• Points: allows learners to earn points based on their performance and achievements
  • Levels: help learners visualize how far they've come and what they need to do next
  • Badges: highlights accomplishments and displays them publicly for others to see

1. A clear goal

A clear goal is one of the most important things for any learning experience. Learners need to know what they are trying to achieve and how their learning will support that achievement. A good way to do this is by thinking about whether your goal is specific or general and whether it's personal or team-oriented.


Is your goal directly measurable? If so, that's great! It means you can measure how close you are to achieving it at any time. Examples might include "increased sales by 5% over 6 months" or "improved customer satisfaction scores by 30 points across all customer touch points within 2 years".


Does your goal have room for interpretation? If so, there may be different ways to achieve the same outcome based on individual circumstances (e.g., increased revenue vs. decreased expenses). For example, one person could increase their revenue through acquisition while another could reduce their expenses through outsourcing some tasks. If both result in higher overall revenue, both would qualify as successful outcomes because neither is more important than the other. Instead, they complement one another well since they result in better profitability at a lower cost per unit sold/service rendered, which means more profit per dollar spent over time.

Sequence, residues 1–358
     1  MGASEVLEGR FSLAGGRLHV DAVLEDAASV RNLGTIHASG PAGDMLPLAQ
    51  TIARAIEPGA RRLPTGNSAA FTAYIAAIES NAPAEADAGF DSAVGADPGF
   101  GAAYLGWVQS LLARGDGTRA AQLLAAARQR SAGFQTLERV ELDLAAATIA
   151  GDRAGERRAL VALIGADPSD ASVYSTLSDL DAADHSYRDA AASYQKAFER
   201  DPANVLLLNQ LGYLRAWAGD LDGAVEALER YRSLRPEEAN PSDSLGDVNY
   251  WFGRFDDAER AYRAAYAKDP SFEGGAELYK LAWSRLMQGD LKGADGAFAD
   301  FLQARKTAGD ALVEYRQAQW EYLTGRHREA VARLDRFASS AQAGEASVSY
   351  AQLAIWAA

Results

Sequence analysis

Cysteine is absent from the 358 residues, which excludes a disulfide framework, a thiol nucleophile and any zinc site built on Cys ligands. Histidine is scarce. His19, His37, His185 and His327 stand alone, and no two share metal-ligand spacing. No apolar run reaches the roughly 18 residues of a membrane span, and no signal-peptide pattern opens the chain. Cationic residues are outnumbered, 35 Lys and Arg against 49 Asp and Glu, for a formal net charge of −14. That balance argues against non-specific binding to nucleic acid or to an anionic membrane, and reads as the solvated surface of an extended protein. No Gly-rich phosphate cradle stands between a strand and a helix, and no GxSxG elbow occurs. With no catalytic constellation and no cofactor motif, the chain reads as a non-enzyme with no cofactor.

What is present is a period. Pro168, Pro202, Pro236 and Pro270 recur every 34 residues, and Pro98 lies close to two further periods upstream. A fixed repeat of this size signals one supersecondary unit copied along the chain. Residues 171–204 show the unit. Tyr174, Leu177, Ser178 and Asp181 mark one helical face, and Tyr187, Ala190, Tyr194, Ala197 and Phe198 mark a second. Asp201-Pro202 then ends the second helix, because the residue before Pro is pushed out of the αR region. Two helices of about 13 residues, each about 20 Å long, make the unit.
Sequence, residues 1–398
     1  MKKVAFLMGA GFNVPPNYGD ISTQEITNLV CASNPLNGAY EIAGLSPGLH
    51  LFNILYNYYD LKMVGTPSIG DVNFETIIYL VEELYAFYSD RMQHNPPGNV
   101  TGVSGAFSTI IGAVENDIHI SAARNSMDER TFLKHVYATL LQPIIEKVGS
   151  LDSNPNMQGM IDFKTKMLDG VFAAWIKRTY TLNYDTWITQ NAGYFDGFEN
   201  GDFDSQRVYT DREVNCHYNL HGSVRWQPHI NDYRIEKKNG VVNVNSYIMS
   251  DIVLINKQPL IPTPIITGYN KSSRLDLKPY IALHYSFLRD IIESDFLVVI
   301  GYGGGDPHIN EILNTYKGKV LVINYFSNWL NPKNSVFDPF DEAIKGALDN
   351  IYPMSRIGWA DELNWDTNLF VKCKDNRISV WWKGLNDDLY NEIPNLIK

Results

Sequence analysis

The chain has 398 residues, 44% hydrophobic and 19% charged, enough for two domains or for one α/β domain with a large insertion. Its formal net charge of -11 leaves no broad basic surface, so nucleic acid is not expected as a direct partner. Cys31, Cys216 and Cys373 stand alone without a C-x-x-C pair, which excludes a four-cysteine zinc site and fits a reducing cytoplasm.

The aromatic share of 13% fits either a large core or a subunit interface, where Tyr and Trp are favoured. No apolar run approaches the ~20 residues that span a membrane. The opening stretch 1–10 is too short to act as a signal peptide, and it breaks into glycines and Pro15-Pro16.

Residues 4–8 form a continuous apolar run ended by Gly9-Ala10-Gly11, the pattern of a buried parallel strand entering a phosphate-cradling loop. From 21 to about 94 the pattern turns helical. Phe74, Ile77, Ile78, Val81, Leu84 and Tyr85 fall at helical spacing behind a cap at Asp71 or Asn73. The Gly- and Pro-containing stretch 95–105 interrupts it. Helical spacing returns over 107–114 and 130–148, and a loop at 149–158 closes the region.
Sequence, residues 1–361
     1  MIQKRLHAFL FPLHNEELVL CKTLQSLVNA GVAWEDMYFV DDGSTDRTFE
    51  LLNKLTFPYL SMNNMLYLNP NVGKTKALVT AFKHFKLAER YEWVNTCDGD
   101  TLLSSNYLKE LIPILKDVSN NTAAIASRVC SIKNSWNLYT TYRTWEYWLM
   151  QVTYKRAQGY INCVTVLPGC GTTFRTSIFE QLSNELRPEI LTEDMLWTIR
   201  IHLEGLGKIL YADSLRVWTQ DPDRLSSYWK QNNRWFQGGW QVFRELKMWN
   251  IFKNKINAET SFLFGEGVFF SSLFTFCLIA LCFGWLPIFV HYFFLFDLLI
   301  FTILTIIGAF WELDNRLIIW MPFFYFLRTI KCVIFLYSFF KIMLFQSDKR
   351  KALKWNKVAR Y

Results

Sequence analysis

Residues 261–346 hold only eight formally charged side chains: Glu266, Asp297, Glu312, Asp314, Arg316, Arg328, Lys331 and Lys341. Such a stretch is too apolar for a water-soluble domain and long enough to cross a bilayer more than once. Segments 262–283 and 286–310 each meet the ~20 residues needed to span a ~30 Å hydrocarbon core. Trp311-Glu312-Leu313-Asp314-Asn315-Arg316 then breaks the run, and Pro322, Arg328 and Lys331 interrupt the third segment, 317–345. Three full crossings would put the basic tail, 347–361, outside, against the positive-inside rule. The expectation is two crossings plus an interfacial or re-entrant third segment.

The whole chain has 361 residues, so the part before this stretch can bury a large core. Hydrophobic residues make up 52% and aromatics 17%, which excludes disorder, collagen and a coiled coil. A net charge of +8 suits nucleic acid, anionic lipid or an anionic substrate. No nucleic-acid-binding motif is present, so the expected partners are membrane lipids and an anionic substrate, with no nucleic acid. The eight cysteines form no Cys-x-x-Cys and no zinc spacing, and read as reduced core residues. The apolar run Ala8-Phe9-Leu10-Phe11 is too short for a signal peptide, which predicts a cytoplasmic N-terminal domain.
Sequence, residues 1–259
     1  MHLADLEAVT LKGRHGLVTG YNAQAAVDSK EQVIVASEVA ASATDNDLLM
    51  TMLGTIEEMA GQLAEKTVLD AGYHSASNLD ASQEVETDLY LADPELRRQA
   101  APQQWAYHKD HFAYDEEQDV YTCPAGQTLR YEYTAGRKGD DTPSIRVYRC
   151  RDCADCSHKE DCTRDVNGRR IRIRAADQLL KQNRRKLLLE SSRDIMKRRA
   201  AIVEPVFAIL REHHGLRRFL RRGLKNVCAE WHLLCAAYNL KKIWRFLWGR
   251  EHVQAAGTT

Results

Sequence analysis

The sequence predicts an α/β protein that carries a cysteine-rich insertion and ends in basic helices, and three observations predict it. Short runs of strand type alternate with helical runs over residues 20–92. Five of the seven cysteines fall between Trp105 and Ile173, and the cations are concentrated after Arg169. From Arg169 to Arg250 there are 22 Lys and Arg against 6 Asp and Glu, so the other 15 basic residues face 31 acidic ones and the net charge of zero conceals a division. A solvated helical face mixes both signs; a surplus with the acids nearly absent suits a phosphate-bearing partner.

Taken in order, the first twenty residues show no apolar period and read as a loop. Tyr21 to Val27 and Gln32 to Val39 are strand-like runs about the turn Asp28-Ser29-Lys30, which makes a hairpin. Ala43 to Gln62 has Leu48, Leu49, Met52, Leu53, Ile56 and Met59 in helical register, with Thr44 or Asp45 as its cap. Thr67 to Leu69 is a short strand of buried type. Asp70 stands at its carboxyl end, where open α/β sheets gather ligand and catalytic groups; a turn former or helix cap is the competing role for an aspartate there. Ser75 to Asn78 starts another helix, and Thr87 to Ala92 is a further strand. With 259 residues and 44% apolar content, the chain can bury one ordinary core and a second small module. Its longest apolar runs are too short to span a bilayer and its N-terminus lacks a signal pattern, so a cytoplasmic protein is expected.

2. Easy challenges

To ensure learners stay engaged in your gamified learning program, they must understand the challenges they're being asked to complete. If the challenge is too complicated, learners will give up and move on. In contrast, if the challenge is too simple or easy for the learner, then they may get bored and stop playing the game altogether.

To avoid this problem, make sure that your challenges are clear and understandable to everyone participating in your gamification program. Keep them simple enough so anyone can easily take part without requiring extensive knowledge of any particular topic area or skill set—but also make sure they aren't too basic either!

3. Quick feedback on results

When it comes to the learning process, feedback is essential. You must provide your learners with actionable and timely feedback to progress toward their goals. And if they can't progress, they might give up on your courses altogether!